- Don’t sit on it. You need to give feedback as soon as is practical and possible, particularly if a specific incident has happened that needs to be sorted out. Ideally never wait more than 24 hours if it’s something important. Also people remember things differently as time elapses which makes it more difficult to get to the nub of what actually happened.
- Keep a lid on your emotions. If at all possible, remember it’s a business situation. Make sure you listen to the employee’s response and repeat it back to ensure you understand what his or her perspective involves. Remember, everything has two sides and there may be well-meaning reasons why an employee has made a poor choice.
- Keep it factual. Make sure you’re well prepared beforehand with all the facts to hand, as you understand them, and go through them with the employee to check you’re thoroughly appraised of the situation. Give them a chance to explain and then outline the consequences of the decisions they made.
- Give them their say. If the employee acknowledges the feedback and accepts they may have to make some changes next time, then it’s an opportunity to give them credit for their insight. Also it allows you to get a handle on whether they need further coaching and training if they are making errors of judgement due to a lack of experience.
- Include something constructive. Your job is to inspire and act as a mentor as well as point out mistakes and poor performance, so include suggestions as to how to act differently next time and try to find something positive from the meeting to end on.
- It gets easier with practice. The more you do give honest feedback, the better you get at it, like anything in life. Your employees won’t respect someone who’s a pushover.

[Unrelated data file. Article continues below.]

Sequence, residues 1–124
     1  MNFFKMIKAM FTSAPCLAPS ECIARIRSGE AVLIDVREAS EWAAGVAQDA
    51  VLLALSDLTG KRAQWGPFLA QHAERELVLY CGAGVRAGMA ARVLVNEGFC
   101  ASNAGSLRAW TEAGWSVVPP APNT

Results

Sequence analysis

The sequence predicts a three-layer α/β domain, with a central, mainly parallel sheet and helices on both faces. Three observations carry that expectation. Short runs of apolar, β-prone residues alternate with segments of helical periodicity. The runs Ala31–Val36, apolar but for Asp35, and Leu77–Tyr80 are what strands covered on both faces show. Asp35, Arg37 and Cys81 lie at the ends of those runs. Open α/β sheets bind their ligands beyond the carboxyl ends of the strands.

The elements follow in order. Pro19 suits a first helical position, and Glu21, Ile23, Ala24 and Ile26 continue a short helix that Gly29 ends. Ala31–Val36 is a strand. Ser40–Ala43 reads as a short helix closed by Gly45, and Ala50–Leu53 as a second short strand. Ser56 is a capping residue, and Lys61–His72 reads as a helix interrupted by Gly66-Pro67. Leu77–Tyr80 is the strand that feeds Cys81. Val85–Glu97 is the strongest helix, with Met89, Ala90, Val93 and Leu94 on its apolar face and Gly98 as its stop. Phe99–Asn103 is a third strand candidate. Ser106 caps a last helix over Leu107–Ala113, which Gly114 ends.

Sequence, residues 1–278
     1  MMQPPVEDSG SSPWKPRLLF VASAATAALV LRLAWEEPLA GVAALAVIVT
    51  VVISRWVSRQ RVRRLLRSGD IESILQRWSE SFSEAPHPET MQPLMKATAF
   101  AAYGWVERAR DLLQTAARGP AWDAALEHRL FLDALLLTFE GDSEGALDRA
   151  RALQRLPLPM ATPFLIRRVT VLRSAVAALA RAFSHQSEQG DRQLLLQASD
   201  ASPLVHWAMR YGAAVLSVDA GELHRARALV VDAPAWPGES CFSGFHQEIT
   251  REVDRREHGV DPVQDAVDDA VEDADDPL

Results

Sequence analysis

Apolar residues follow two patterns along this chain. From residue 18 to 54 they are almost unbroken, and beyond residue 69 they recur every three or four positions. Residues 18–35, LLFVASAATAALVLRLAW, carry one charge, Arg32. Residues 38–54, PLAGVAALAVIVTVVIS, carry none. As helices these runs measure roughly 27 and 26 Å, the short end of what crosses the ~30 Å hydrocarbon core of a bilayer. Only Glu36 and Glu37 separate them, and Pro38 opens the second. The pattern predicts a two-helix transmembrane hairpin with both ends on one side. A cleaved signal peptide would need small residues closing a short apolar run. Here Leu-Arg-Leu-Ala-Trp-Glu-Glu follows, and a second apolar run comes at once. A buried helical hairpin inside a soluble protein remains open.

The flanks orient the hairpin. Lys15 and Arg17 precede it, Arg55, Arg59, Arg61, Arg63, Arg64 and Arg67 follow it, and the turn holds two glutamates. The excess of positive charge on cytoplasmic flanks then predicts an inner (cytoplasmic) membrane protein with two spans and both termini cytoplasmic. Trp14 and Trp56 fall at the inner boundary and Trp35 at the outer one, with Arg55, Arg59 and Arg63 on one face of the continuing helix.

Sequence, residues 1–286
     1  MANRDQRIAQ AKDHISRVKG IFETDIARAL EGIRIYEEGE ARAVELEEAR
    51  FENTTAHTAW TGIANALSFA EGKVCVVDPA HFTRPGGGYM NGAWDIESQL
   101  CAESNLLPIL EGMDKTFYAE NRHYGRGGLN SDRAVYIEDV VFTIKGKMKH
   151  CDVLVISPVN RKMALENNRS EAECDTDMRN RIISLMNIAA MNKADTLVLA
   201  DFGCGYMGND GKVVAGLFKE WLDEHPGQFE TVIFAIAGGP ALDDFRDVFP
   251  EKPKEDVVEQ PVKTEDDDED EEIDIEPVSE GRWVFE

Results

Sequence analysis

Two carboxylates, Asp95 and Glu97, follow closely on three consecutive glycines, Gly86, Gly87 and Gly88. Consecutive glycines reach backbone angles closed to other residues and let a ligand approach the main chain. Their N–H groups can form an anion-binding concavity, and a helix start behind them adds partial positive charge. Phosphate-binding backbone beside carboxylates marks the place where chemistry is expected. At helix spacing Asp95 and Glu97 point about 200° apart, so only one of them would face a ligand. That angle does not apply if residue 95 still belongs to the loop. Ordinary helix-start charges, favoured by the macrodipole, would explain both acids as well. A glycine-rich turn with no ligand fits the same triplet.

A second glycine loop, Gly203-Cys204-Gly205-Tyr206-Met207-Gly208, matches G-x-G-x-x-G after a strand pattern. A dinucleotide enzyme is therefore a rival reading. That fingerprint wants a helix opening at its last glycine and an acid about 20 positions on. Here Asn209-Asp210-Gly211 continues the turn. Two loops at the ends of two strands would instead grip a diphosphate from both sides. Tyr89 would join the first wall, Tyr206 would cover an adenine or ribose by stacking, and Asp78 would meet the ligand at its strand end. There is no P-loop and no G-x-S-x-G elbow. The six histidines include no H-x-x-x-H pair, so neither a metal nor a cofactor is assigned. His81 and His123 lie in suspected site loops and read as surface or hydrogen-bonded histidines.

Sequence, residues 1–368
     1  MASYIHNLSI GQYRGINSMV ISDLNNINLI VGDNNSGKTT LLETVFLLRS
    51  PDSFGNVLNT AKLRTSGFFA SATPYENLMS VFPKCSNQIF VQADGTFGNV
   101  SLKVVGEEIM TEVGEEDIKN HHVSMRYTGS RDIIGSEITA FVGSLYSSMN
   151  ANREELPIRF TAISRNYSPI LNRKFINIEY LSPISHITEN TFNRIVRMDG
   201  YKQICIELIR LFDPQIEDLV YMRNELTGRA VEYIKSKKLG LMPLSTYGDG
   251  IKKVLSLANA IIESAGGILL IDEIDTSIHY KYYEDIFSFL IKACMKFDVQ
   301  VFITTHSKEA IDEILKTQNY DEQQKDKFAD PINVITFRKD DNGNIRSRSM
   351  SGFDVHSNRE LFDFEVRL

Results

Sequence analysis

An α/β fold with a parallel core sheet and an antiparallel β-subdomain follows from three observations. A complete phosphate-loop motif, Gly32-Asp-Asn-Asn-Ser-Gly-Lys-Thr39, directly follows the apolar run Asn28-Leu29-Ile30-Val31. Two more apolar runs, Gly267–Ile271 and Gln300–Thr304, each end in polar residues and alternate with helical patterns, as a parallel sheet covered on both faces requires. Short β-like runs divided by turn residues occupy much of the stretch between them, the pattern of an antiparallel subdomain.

One of the toughest things to do as a manager is to give honest feedback to your staff. From the employee’s point of view, many people would generally rather walk over hot coals than have “a quick chat with the boss”. It’s never an easy thing to do, for either party. There’s a reason for this. Neuroscientists believe our brains view criticism as a threat to our survival, and therefore rather than accepting it or considering it logically, our most basic instinct is to reject it so that we protect our standing in the social order. There’s pretty powerful and quite basic stuff going on in the way we give and interpret feedback. But here’s something to make you think. Statistics show that there is a direct correlation between management being able giving honest feedback and positive employee engagement. It seems that just telling people what they “want” to hear, rather than what they “need” to hear, doesn’t make for a happy employee in the long term. People need to be motivated, inspired and uplifted by their leaders and also to be encouraged to keep doing better and better. Without feedback, it’s very hard to keep improving and to keep developing independently. The key is the manner in which feedback is delivered, otherwise it can indeed be a double-edged sword. You don’t want your employees to feel as though you are punishing them, as this can cause lingering anger and resentment and can demotivate the employee in the long term. It’s a fine balance to strike. One helpful way of thinking about giving honest feedback is that it ultimately implies you believe the employee is capable of doing more, which shows your belief in their talents and abilities. Your role is to guide and lead and if you are not being honest, then you aren’t doing your job properly to bring out the best in them. The four main reasons you should be giving feedback are; from concern or commitment; out of a sense of responsibility; to guide and mentor or to support and enhance. So how do you do it well? Here are some tips for delivering effective feedback and getting the most from your employees: